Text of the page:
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Pacific Walrus

Pacific Walrus
Scientific Name

Odobenus rosmarus divergens

Body Length

3.0-3.6 m

Body Weight

Male: up to 1,700 kg
Female: up to 1,250 kg

Distribution
Walruses live in the Arctic and subarctic. This subspecies is found in marginal seas of the North Pacific and Arctic Ocean.
Fun Facts

Fun Facts

  • The tusks of walruses are their canines, which can grow up to 1 m long. They plunge these large teeth into ice to make breathing holes, or to pull their bulky bodies out of the water. Male walruses also use them aggressively to defend their territory and protect their harems.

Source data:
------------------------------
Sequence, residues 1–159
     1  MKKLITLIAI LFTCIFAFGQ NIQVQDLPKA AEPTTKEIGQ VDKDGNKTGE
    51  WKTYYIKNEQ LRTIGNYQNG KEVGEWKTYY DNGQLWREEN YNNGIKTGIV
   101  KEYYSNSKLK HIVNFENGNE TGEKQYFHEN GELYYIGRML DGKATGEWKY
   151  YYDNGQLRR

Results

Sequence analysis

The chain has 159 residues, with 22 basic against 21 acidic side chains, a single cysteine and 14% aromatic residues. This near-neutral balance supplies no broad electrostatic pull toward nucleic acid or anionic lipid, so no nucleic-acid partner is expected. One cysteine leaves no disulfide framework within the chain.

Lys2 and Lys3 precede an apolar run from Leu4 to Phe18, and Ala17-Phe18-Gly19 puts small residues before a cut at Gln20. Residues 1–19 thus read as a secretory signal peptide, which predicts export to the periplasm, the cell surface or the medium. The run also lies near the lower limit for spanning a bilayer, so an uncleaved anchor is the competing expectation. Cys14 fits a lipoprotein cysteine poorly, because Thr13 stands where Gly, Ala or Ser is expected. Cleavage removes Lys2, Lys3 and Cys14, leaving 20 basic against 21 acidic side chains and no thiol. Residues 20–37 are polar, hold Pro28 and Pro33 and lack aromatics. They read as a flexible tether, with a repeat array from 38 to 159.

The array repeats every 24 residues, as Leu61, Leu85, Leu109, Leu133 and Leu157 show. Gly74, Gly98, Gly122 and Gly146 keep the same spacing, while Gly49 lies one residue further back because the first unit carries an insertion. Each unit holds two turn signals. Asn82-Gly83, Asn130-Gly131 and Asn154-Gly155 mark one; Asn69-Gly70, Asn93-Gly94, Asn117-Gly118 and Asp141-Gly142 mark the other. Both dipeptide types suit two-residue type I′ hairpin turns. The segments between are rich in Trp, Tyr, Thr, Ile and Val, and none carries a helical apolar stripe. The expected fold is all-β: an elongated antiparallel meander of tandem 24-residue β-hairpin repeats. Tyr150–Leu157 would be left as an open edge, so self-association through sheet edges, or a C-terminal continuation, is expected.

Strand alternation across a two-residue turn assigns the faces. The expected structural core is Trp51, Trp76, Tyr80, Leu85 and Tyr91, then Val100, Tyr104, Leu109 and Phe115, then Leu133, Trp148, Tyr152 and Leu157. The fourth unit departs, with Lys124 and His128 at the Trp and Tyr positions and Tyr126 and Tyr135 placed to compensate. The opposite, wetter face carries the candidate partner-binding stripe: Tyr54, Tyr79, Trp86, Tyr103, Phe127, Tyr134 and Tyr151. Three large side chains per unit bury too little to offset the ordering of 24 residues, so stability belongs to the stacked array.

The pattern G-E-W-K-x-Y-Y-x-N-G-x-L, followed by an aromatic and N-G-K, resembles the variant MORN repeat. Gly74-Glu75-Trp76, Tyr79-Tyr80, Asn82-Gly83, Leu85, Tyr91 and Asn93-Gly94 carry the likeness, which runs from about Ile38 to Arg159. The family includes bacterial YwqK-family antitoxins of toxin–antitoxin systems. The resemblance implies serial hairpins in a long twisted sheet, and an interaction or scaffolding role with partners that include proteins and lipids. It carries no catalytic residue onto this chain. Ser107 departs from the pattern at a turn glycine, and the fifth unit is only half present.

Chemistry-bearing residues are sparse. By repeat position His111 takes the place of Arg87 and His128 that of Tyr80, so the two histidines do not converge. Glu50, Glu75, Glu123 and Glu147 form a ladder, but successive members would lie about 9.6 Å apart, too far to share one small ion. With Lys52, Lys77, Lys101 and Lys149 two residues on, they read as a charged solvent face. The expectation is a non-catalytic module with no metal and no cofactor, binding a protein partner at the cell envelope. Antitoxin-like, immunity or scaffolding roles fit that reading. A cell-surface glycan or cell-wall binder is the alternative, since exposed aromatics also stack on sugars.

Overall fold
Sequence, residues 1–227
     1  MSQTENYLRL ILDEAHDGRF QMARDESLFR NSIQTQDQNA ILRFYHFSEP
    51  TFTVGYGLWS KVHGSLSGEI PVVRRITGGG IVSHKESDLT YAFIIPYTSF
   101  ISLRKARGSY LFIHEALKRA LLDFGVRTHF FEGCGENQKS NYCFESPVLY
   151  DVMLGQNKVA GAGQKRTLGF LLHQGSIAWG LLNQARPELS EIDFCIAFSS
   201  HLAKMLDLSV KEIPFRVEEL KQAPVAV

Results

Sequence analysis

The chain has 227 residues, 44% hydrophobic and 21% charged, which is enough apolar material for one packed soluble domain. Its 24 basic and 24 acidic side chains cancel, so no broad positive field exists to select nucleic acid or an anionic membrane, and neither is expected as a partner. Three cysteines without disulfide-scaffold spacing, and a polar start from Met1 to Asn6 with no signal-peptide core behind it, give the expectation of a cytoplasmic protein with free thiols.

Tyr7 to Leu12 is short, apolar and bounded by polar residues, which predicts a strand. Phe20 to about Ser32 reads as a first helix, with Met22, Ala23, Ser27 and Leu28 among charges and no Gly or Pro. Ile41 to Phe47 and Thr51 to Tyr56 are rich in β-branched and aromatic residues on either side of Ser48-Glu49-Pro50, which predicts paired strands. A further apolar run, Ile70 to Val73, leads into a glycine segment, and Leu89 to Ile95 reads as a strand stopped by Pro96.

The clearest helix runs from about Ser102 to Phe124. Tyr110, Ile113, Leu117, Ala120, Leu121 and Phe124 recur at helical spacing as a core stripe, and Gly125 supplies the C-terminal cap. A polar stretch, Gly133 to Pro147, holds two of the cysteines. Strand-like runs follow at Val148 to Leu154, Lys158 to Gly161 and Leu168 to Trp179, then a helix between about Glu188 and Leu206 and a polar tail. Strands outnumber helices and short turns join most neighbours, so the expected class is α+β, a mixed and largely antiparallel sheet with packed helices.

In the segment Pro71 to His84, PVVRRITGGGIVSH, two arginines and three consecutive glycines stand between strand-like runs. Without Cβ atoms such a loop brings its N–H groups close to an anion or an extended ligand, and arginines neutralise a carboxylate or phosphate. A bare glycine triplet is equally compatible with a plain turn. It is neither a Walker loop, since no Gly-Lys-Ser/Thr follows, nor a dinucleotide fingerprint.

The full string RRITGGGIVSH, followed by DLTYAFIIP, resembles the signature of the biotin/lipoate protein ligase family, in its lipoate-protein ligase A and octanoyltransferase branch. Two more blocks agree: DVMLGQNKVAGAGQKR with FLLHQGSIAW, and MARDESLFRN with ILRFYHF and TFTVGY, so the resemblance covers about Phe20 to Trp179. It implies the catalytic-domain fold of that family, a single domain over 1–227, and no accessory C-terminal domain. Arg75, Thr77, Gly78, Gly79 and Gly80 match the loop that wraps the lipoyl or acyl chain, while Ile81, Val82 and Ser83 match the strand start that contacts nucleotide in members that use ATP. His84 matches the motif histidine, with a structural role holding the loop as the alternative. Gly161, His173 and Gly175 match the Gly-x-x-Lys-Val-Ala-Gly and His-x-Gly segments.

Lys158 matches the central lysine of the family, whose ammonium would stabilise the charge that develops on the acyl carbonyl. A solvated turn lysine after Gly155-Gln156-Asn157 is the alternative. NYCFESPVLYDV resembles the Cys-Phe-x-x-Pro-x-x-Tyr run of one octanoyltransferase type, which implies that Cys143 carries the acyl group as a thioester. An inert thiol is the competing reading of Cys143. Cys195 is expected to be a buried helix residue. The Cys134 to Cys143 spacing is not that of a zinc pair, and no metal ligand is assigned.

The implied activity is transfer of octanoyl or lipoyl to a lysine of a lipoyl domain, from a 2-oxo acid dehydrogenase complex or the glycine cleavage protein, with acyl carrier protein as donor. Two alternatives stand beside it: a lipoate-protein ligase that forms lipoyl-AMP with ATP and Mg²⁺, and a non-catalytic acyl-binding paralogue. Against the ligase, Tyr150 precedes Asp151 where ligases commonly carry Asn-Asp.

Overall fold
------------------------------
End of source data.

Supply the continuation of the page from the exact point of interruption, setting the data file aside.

• To protect themselves from the cold, walruses have thick layers of blubber to conserve heat. The blood vessels near the skin can also be constricted to reduce blood flow and thus minimise heat loss.

Threats & Conservation

IUCN Red List: Data Deficient
IUCN Red List: Data Deficient
CITES: Appendix III
CITES: Appendix III

Walruses require sea ice for breeding and for reaching offshore feeding sites. As global warming reduces sea ice cover and alters its spatial and temporal patterns, walruses have come under threat. These animals are also highly sensitive to human disturbance. Activities such as trawl fishing can cause them to abandon sites.

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